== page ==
Temperature stabilization, ocean heat uptake and radiative forcing overshoot profiles
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- Johansson, D.J.A. Climatic Change (2011) 108: 107. doi:10.1007/s10584-010-9969-4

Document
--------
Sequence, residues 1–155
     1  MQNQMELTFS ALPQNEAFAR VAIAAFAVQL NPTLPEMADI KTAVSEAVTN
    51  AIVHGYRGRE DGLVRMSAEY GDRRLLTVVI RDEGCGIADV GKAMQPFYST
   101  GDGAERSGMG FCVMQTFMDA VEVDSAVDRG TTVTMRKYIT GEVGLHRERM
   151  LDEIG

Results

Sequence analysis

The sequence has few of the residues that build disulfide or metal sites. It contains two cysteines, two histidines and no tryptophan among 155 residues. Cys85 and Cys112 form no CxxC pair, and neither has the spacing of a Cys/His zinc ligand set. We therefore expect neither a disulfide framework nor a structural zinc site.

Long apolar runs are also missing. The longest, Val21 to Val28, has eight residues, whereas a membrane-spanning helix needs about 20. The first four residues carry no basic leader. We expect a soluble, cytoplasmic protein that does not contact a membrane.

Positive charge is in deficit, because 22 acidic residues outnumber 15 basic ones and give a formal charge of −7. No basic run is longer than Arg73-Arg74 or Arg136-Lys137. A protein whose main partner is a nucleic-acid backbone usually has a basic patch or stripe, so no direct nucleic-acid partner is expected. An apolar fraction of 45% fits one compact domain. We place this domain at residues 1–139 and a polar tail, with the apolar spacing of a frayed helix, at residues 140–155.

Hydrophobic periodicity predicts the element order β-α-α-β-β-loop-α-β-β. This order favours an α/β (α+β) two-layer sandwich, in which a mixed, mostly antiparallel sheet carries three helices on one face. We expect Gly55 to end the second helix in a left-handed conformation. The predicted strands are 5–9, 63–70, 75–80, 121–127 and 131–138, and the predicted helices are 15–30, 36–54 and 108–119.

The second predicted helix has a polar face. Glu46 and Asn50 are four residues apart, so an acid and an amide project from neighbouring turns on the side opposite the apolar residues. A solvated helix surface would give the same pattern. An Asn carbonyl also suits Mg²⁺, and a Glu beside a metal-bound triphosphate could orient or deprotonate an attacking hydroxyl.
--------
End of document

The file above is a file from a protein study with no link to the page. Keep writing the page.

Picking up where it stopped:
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Political leaders in numerous nations argue for an upper limit of the global average surface temperature of 2 K above the pre-industrial level, in order to attempt to avoid the most serious impacts of climate change. This paper analyzes what this limit implies in terms of radiative forcing, emissions pathways and abatement costs, for a range of assumptions on rate of ocean heat uptake and climate sensitivity. The primary aim is to analyze the importance of ocean heat uptake for radiative forcing pathways that temporarily overshoot the long-run stabilization forcing, yet keep the temperature increase at or below the 2 K limit. In order to generate such pathways, an integrated climate-economy model, MiMiC, is used, in which the emissions pathways generated represent the least-cost solution of stabilizing the global average surface temperature at 2 K above the pre-industrial level. We find that the level of overshoot can be substantial. For example, the level of overshoot in radiative forcing in 2100 ranges from about 0.2 to 1 W/m2, where the value depends strongly and positively on the effective diffusivity of heat in the oceans. Measured in relative terms, the level of radiative forcing overshoot above its longrun equilibrium level in 2100 is 20% to 60% for high values of climate sensitivity (i.e., about 4.5 K) and 8% to 30% for low values of climate sensitivity (i.e., about 2 K). In addition, for cases in which the radiative forcing level can be directly stabilized at the equilibrium level associated with a specific climate sensitivity and the 2 K limit, the net present value abatement cost is roughly cut by half if overshoot pathways are considered instead of stabilization of radiative forcing at the equilibrium level without an overshoot.